If you were up at 4:30 this morning, you might have been wondering what in the world was going on. Opening ceremonies are, without exception, exercises in pointlessness, much like icing without a cake. What the Olympics Games opening ceremonies give us, though, is a little glimpse into life in the host nation. Beijing 2008 was overwhelming just because of its sheer scale. London 2012 was a muscular pantomime showcasing a multicultural society in a state of active deterioration. Rio 2016 added its chapter to the story by putting on a display that was (mercifully) short, messy and rough around the edges. It has taken eight years and two disgraced presidents to put together the Games in Rio. Many in the city will say the Games are for the rest of us and not for the locals at all. The state of Rio de Janeiro is a shambles; services are falling apart and the new austerity government under Michel Temer has a long way to go before it receives any sort of public acceptance. That Temer was roundly booed when he stepped up to declare the games "open" while the Russian contingent was ignored, indicates the mood of the Cariocas. At least those who found a ticket to enter the Maracana. For the poor masses of the city, such as those living in the Mangueira favela that overlooks the stadium, the Games might as well be happening on another planet. And then there was the ultimate irony of them all—the Olympic Games, sport's most unsustainable extravaganza, preaching sustainability to an audience just trying to survive.
Rio did what it was expected to this morning, just like it did two years ago when the World Cup came calling. The city is constantly churning, almost at war, thanks to decades of compounding economic disparity. Yet no city comes out to party quite like Rio does. Though the world might be crumbling at the edges, Cariocas always turn up asking where the party's at. Last night's spectacle, a pageant of funk, forests and favelas, was a celebration of that exact spirit. And its end heralded another basic human trait—the urge to compete. So, here are 10 things we can look forward to from Rio 2016, now that the inanity of the opening ceremony is over and done with.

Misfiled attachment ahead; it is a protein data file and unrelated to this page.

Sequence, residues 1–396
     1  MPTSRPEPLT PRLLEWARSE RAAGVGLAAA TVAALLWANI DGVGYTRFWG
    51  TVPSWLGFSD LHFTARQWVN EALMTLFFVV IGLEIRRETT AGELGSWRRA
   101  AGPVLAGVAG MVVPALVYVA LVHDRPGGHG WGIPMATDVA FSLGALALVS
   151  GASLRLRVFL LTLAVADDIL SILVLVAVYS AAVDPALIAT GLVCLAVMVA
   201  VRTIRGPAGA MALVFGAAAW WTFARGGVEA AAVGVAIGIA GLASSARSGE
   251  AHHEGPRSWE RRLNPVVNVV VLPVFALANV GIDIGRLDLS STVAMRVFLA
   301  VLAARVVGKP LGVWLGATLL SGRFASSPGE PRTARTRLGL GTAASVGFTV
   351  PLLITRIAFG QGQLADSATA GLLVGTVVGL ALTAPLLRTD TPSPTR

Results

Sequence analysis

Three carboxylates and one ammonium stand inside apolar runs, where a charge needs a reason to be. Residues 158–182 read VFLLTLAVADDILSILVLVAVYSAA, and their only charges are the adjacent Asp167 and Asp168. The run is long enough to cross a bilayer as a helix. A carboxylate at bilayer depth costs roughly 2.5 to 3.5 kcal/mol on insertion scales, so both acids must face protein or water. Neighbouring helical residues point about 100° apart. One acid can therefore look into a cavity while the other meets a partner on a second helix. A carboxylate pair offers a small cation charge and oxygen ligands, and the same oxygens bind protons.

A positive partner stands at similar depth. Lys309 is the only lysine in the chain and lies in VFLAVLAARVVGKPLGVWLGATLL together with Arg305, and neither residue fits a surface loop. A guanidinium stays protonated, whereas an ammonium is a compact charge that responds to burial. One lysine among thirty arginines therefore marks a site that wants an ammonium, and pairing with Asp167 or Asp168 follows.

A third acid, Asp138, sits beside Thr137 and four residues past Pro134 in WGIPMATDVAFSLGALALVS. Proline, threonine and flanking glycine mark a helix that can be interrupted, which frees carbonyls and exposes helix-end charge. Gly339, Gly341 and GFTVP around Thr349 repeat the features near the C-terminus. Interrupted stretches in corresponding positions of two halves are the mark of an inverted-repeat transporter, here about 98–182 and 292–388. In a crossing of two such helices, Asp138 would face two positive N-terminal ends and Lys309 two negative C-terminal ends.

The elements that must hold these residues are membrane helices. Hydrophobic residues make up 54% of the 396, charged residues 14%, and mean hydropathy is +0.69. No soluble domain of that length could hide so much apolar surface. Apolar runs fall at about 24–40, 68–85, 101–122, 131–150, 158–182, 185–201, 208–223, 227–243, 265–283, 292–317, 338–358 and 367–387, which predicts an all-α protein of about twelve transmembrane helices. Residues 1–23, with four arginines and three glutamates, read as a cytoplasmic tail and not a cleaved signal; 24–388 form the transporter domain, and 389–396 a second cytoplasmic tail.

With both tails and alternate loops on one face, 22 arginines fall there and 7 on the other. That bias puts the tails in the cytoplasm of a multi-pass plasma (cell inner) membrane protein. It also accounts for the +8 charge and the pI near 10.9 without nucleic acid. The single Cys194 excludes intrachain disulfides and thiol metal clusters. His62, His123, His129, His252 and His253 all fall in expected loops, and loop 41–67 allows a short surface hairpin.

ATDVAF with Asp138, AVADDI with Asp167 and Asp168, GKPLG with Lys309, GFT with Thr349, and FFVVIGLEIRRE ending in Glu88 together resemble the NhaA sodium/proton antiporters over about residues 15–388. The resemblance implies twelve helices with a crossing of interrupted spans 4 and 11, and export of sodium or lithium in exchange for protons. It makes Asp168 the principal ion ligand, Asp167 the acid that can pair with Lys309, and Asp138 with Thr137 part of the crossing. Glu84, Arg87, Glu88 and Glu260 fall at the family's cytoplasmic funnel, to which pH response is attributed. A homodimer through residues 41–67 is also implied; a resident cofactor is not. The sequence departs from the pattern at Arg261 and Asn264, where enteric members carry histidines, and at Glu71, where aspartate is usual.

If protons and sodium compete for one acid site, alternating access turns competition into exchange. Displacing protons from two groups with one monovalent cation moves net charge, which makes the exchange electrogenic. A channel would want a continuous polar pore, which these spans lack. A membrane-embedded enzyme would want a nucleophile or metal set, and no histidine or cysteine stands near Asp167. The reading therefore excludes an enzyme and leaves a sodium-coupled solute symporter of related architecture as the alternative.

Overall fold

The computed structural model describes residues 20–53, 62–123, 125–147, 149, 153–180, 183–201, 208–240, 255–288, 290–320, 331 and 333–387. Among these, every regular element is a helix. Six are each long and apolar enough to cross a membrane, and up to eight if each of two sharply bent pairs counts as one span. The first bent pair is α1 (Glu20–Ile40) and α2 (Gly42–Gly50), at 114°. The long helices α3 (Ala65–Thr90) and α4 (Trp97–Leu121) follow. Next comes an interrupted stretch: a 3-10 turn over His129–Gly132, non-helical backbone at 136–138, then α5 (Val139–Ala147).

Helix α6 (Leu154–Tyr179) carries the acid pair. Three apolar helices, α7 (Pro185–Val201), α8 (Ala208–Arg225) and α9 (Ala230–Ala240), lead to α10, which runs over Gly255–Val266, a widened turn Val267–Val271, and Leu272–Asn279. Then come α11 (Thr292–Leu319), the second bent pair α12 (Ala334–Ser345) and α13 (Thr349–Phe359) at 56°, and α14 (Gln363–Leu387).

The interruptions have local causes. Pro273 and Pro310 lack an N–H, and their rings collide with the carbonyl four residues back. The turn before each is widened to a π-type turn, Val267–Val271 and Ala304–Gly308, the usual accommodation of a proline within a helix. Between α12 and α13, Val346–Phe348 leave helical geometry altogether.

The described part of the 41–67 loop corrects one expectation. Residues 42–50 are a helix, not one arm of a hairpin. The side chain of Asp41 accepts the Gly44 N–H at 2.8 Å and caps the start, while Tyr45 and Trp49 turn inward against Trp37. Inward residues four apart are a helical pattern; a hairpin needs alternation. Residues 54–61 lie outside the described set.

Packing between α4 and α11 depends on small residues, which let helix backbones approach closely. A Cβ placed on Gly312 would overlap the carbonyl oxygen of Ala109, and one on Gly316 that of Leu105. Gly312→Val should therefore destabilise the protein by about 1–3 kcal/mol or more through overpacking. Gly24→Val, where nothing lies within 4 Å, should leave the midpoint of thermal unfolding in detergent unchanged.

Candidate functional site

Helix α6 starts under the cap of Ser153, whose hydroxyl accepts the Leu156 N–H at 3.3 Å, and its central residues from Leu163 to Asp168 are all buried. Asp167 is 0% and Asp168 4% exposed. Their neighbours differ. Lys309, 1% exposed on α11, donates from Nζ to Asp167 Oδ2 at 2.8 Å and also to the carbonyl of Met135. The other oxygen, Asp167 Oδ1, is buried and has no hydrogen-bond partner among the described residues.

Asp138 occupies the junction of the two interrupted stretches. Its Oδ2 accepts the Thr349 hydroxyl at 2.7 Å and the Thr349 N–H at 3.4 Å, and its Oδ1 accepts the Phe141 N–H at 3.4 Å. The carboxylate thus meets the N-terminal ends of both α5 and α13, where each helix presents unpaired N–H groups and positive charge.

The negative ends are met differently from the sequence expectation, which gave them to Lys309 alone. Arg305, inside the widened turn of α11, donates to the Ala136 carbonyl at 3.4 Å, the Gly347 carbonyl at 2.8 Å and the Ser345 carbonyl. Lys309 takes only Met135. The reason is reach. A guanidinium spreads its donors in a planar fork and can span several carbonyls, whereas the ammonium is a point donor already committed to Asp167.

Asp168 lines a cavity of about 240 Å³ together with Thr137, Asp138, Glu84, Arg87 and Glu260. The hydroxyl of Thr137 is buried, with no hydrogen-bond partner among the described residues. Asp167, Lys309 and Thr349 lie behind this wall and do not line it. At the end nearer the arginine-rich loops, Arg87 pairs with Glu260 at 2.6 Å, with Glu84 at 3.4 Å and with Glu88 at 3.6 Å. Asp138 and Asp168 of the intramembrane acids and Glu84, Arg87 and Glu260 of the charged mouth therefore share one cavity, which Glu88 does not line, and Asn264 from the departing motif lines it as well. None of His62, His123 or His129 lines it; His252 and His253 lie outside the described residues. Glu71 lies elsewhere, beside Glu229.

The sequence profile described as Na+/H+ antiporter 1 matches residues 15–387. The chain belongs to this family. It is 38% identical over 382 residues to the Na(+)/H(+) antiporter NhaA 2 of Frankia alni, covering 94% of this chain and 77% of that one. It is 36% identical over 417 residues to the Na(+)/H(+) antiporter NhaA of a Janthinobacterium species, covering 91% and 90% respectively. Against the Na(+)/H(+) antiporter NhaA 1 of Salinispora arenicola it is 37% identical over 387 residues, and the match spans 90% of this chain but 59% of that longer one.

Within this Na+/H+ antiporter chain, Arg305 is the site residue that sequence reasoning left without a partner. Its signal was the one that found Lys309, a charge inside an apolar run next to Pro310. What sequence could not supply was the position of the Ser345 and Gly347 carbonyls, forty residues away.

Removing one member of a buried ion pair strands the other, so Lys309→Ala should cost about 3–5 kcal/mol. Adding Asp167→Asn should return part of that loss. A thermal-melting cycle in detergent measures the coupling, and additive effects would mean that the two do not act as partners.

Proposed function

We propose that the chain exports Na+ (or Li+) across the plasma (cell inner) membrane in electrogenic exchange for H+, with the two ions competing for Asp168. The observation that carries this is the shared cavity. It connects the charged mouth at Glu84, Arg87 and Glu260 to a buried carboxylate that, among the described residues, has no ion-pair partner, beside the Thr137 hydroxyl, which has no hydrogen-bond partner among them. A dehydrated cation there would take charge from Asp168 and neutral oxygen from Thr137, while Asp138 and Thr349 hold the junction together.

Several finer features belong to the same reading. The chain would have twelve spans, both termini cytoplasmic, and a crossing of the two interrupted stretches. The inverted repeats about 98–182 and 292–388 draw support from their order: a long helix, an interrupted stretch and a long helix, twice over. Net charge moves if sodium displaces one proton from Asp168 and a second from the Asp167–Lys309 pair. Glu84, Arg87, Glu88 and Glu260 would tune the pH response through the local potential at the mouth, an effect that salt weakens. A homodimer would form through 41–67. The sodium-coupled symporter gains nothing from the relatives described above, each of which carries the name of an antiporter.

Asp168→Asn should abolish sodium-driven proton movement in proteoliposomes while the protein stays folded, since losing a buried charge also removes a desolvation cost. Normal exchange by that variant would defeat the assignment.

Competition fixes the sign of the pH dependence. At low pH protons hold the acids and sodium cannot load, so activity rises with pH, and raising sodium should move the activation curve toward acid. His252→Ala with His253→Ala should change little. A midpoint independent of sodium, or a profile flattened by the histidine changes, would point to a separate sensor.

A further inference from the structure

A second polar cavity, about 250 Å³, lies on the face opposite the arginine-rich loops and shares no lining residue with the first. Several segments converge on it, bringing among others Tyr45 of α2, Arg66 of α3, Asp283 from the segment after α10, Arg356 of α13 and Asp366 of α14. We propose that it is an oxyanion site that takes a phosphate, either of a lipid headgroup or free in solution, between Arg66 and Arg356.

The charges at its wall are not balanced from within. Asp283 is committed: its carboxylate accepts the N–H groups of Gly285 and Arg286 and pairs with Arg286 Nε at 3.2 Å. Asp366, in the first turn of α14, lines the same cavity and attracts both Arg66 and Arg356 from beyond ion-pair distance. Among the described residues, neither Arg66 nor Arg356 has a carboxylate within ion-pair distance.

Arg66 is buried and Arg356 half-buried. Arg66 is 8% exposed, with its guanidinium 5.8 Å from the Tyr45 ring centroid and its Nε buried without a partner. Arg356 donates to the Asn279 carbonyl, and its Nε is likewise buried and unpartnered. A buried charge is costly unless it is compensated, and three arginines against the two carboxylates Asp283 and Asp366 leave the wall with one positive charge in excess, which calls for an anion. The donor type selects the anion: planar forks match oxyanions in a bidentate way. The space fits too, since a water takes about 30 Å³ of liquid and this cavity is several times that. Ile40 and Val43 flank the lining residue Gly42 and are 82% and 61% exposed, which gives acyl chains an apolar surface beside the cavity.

The Refugee team
This is a team that should not exist. It is at once a symbol of international unity and cooperation and the failure of the international community to resolve global crises. #TeamRefugee has 10 members, from five countries, now living in five other countries. They represent 19 million refugees and asylum-seekers globally, a figure that has gone up from 11 million when London hosted the Games in 2012. Team Refugee received the loudest cheers when they marched into the Maracana. But it is not cheers they are looking for. They just want the world to sort out their countries so, one day, they can go back home. Among the 10 are some experienced international athletes and their progress will give the Games some inspirational stories.
The pistol shooter is India's strongest medal contender. Over the past two years, Rai, a junior commissioned officer with the Gorkha regiment of the Indian Army, has won gold in the 50m pistol event at both the Commonwealth and Asian Games and has performed consistently on the ISSF circuit. Rai knows where he stands in world shooting and that the nation is expecting a medal-winning performance from him. He has dealt with these expectations with steely nerves so far. Watching him win that olympic medal for India will be a highlight of Rio 2016.
USA women's gymnastics team
The packed hall at the Indira Gandhi indoor stadium during the 2010 Commonwealth Games was an indication of how much Indians enjoy artistic gymnastics. And why not? The sport has power, precision, grace and gravity-defying human movement. In 2012, Gabby Douglas became the first black woman to win the individual all-round gold. The US also bagged the team gold. In Rio, Simone Biles will be Douglas' main competition for the individual crown and the team is odds-on favourite to take top spot. The squad, with its mix of black, white and hispanic athletes, has become a bit of a symbol for race relations in America. But it's their feats in the gymnastics hall that will blow your socks off.